Holt-Oncology Syndrome: Your Comprehensive Guide

Congenital malformations of the heart and upper extremities are brought on by the genetic disorder Holt-Auram syndrome. Continue reading the following article to know everything that interests you about Holt-Auram syndrome.

Holt-Oncology Syndrome: Your Comprehensive Guide

Holt-Oram syndrome is known as Heart-Hand syndrome, because it causes birth defects in these two organs in particular, so what is Holt-Oram syndrome? What qualities does it possess? Is it treatable?

Holt tumor syndrome

A gene responsible for the development of the heart and the bones of the upper extremities during embryonic stages has a mutation that results in Holt-Arom syndrome.

Due to a defect in the development of the upper limbs from the shoulder to the fingers and the chambers of the heart caused by this genetic mutation, the patient exhibits a wide range of symptoms.

Holt-Oram Syndrome is a rare genetic disorder that is passed down as a dominant trait. This means that only one copy of the gene must be present in order for a child to be born with the syndrome; however, it can happen at random and there need not be a medical history in the family.

Characteristics of Holt-Aurham Syndrome

The severity of Holt-Aram syndrome and its accompanying symptoms vary from patient to patient, with both genders having an equal chance of developing it.

The following are the Holt-Auram syndrome's most notable signs and symptoms:

  • Congenital malformations of the upper extremities

The upper extremity bones grow abnormally in people with Holt-Aoma syndrome, resulting in the development of limbs that have the following features:

  1. A deformity in at least one of the wrist bones. This symptom is present in all people with Holt-Aoma syndrome, and it is often detected by x-ray imaging.
  2. An imbalance in the growth of the thumb so that it may grow as long as the fingers of the other hand or may not grow at all.
  3. The absence of growth of one or both forearm bones or their growth to an abnormally short length.
  4. Deformities in the shoulder bones, including the scapula or collarbone , which leads to difficulty in extending, moving and rotating the arm to its full extension.

It is important to note that the aforementioned traits may affect one side of the body or both, and if they affect only one side, they frequently affect the left side.

  • Congenital heart defects

Holt tumour syndrome affects 75% of those who are affected, resulting in congenital heart defects and symptoms that may not be noticed until old age or may, depending on their severity, pose a serious threat to the affected person's life.

The following are the most common congenital heart defects and the symptoms they are associated with in people with Holt-Oram syndrome:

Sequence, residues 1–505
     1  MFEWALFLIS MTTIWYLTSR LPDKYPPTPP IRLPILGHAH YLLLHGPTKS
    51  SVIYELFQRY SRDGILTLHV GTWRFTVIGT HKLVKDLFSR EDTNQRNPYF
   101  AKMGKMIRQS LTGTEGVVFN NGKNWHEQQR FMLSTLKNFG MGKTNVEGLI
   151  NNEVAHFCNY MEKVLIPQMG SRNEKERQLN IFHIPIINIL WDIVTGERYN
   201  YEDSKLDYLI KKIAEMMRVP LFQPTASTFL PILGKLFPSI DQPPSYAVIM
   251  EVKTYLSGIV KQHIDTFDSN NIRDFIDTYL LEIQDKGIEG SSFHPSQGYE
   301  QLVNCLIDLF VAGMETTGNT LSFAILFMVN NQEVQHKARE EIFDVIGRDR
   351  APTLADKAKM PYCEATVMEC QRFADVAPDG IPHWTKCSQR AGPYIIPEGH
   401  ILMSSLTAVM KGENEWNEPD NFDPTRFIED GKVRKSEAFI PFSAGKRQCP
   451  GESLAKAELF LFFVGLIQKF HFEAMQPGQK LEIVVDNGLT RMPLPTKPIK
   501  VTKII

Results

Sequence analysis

1. A deformity in the growth of the septum that separates the chambers of the heart, which may cause an opening between the atria or an opening between the ventricles.
  2. The occurrence of congestive heart failure and associated symptoms, such as: rapid breathing with a whistling sound, rapid heart palpitations, failure to thrive, in addition to the possibility of pulmonary hypertension .
  3. The occurrence of problems in the electrical conduction system of the heart, which leads to the patient suffering from bradycardia, fibrillation or heart block, which causes a number of symptoms such as fainting, chest pain, difficulty breathing, and Convulsions and epileptic seizures in some cases.  
  4. An increased chance of a patient getting a bacterial infection that causes endocarditis as a result of congenital anomalies.

How is Holt-Oram Syndrome Diagnosed?

In diagnosing the patient, the doctor relies on conducting a physical examination and observing congenital abnormalities in the formation of the bones of the upper extremities, especially those that are compatible with the characteristics of Holt-Uram syndrome. The doctor additionally conducts the following diagnostic exams:

  • X-ray examination of the upper extremities.
  • Knowing the patient's family's medical history, especially if it contains congenital deviations in the growth and development of the septum that divides the heart chambers.
  • Performing an electrocardiogram and echocardiogram on the patient to look for any congenital heart defects.

If one of the parents has Holt tumour syndrome, the condition can be detected in the womb by looking at the echocardiogram. In some cases, the doctor may also conduct a genetic test to confirm the diagnosis of the syndrome.

Treatment of Holt tumor syndrome

The treatment of Holt tumor syndrome depends on correcting the congenital anomalies and controlling the associated symptoms as much as possible, with the aim of facilitating the daily life of the affected people. The following lists the key procedures that were used:

  • performing surgeries to as much as possible correct or repair the deformity of the upper limbs in order to restore the hand's and fingers' functionality as well as the shoulder joint's range of motion.
  • the use of prostheses and rehabilitation therapy to enhance motor skills and teach users how to use them, ensuring users can carry out daily activities.
  • the use of a pacemaker when there is a serious electrical heart defect that has life-threatening side effects.
  • Having heart surgeries to close the gaps in the septum separating the heart's chambers, and in some cases, the patient may also receive drug therapy.
  • using antibiotics prescribed by the doctor to treat endocarditis cases, with the possibility of using them as a preventative measure when undergoing certain medical procedures

It is recommended that an individual with Holt-Auram syndrome who has congenital heart defects undergo an echocardiogram every five years and an annual ECG test.

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